A Southerner's subtle defiance and artistic achievement in nineteenth-century Rome
Caroline Petigru Carson (1820–1892), the elder daughter of Charleston intellectual James Louis Petigru and sister of the novelist Susan Petigru King, seemed destined from birth for life as a southern plantation mistress. Yet, like her sister, Carson challenged the conventions of nineteenth-century Charleston and defied traditional expectations by living apart from her husband and later as a very merry widow. Like her father unwilling to support secession, Carson, a staunch Unionist, left her native South Carolina at the onset of the Civil War. She settled first in New York and then, a decade later, in Rome among the prestigious social circles for which her background and bearing fitted her. In both locales she created for herself the life of an artist and southern expatriate.
From Italy, Carson wrote hundreds of discursive letters to her younger son in America. Gathered in this collection, these narratives offer intimate insights into the emotional life of a mature woman, the accomplishments of an artist determined both to perfect her craft and sell her work, and the intellectual and social pursuits of a well-educated, vivacious American living abroad.
With painterly eye and incisive pen, Carson vividly portrays both the life she observed and the life she led in Rome. Her letters reverberate with street scenes, riots and demonstrations, secular celebrations of a newly united Italy and traditional religious pageantry, an intense friendship with a Roman duke, and the scandalous lives of her fellow Americans. Interspersed are snatches of conversations with artists, writers, and famous visitors to the Eternal City, many of whom she lured to her weekly salon. Letters written in the summer from Italian, Swiss, and German resorts depict not only the contrasting styles of wealthy American tourists and vacationing European aristocrats but the coastal and mountain scenery that is also pictured in the Carson paintings that are included in this volume.
William H. Pease and Jane H. Pease are professors emeriti at the University of Maine and associates in history at the College of Charleston. They are the authors or editors of ten books, including The Web of Progress: Private Values and Public Styles in Boston and Charleston, 1823–1843, which won the Society for Historians of the Early American Republic's Outstanding Book Award and the New England Historical Association Book Prize. They also published Ladies, Women, and Wenches: Choice and Constraint in Antebellum Charleston and Boston; James Louis Petigru: Southern Conservative, Southern Dissenter; and A Family of Women: The Carolina Petigrus in Peace and War, which won the Julia Cherry Spruill Publication Prize of the Southern Association for Women Historians. The Peases divide their time between Chapel Hill, North Carolina, and Harborside, Maine.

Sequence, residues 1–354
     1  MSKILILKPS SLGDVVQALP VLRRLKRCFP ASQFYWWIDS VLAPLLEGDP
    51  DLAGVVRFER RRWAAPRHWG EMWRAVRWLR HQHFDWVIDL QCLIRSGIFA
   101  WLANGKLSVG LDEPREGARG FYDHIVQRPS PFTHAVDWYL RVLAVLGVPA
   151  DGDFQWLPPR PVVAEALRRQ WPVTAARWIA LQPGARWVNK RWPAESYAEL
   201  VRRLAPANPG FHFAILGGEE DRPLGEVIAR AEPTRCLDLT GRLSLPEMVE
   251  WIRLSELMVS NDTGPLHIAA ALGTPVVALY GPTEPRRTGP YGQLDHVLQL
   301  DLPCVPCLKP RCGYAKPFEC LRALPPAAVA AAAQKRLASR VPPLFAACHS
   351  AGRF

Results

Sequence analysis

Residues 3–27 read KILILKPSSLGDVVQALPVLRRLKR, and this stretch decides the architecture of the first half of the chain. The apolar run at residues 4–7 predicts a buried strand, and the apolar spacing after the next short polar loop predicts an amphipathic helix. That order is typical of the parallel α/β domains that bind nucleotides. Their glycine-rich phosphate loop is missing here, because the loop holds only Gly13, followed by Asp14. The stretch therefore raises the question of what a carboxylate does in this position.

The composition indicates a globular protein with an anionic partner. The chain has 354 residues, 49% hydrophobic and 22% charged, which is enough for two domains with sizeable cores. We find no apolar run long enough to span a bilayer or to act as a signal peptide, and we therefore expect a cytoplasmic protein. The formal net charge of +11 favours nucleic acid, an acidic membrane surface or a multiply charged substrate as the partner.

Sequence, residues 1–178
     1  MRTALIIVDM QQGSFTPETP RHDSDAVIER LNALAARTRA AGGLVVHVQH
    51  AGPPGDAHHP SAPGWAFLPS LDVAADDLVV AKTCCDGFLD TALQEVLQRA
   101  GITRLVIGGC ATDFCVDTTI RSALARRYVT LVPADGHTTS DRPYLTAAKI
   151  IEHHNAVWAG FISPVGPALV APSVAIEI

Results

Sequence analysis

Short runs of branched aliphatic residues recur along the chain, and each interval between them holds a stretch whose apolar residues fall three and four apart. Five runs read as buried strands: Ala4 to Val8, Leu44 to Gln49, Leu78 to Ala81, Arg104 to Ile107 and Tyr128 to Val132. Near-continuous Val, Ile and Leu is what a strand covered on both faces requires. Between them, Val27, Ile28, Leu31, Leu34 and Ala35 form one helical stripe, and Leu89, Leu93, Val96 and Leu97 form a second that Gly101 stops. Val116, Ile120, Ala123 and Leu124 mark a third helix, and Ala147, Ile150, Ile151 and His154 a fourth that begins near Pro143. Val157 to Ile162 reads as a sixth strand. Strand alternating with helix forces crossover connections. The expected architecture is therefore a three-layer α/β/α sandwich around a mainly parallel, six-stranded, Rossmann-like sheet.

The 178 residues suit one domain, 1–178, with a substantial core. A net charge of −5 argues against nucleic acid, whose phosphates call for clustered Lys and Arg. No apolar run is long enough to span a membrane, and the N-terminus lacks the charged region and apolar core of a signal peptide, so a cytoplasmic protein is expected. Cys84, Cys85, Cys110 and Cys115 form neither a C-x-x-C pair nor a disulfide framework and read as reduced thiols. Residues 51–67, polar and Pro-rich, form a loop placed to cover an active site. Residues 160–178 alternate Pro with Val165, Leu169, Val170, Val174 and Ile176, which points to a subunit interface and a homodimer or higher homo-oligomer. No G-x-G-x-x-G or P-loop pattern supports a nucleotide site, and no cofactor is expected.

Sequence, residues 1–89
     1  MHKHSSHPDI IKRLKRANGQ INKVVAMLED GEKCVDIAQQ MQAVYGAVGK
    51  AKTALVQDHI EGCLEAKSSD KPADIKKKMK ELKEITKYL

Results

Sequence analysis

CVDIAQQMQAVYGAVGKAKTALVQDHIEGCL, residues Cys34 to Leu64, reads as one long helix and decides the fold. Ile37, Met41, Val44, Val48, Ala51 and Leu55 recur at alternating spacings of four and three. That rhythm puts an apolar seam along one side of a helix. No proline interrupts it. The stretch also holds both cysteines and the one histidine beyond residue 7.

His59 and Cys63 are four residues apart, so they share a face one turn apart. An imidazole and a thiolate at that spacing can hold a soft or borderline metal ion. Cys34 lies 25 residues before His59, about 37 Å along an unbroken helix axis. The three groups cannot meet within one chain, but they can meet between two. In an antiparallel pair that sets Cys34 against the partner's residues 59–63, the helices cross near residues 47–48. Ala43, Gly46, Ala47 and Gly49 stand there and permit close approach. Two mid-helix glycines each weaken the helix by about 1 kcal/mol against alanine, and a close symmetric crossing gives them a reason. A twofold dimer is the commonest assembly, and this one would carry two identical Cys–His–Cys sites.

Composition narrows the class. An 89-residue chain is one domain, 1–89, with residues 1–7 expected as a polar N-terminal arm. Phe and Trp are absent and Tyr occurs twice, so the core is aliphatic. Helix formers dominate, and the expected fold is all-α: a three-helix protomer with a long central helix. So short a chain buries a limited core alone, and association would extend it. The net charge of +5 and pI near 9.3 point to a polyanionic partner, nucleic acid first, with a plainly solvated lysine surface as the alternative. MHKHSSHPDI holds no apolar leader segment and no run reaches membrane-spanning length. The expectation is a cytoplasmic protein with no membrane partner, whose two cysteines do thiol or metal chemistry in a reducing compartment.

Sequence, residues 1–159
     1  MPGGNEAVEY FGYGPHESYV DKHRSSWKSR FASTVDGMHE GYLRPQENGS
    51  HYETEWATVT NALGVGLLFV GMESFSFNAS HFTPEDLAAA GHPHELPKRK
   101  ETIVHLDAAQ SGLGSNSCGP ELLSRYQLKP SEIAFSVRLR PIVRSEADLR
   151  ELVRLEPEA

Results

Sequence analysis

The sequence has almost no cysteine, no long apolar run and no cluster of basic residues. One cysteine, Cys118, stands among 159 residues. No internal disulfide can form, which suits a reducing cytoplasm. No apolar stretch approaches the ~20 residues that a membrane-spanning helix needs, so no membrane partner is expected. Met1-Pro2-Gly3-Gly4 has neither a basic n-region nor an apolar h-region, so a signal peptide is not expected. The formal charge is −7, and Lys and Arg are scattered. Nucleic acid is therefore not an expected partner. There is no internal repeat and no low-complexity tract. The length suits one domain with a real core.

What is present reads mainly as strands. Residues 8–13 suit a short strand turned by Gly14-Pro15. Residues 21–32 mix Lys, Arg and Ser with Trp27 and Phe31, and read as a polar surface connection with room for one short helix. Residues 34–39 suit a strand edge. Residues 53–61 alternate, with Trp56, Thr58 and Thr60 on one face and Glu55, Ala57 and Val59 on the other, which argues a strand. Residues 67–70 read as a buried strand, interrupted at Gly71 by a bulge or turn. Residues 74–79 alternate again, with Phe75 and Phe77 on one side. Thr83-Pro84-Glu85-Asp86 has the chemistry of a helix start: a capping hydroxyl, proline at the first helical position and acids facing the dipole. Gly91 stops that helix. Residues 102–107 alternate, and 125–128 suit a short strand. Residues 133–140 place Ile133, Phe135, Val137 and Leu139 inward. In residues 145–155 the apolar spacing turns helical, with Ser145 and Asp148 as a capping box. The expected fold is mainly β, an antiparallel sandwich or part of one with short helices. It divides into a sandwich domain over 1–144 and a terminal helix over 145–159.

"The book is beautifully edited, the letters flowing with a continuity that provides readers a seamless historical travelogue in the company of one of the most charming and unusual women to come out of the antebellum South."—The Advocate
"Put simply, The Roman Years of a South Carolina Artist is a reader's absolute delight. Handsomely edited by William H. and Jane H. Pease, this collection of letters provides a rare Henry-Jamesian perspective on the social and artistic scene of late nineteenth-century Italy by an American outsider. A Charlestonian of impeccable lineage, Caroline Carson cannot help but reveal her shortcomings, ones arising from her near penury and yet her ambition to sustain the high life, come what may. Yet, her sensitive eye for telling detail and her psychological perceptiveness give the book its charming individuality. Carson brilliantly illuminates the idiosyncrasies of the rich and aristocratic, the vulgar and the snobbish in her fascinating circle. This work should enjoy lasting and enthusiastic acclaim."—Bertram Wyatt-Brown, Department of History, University of Florida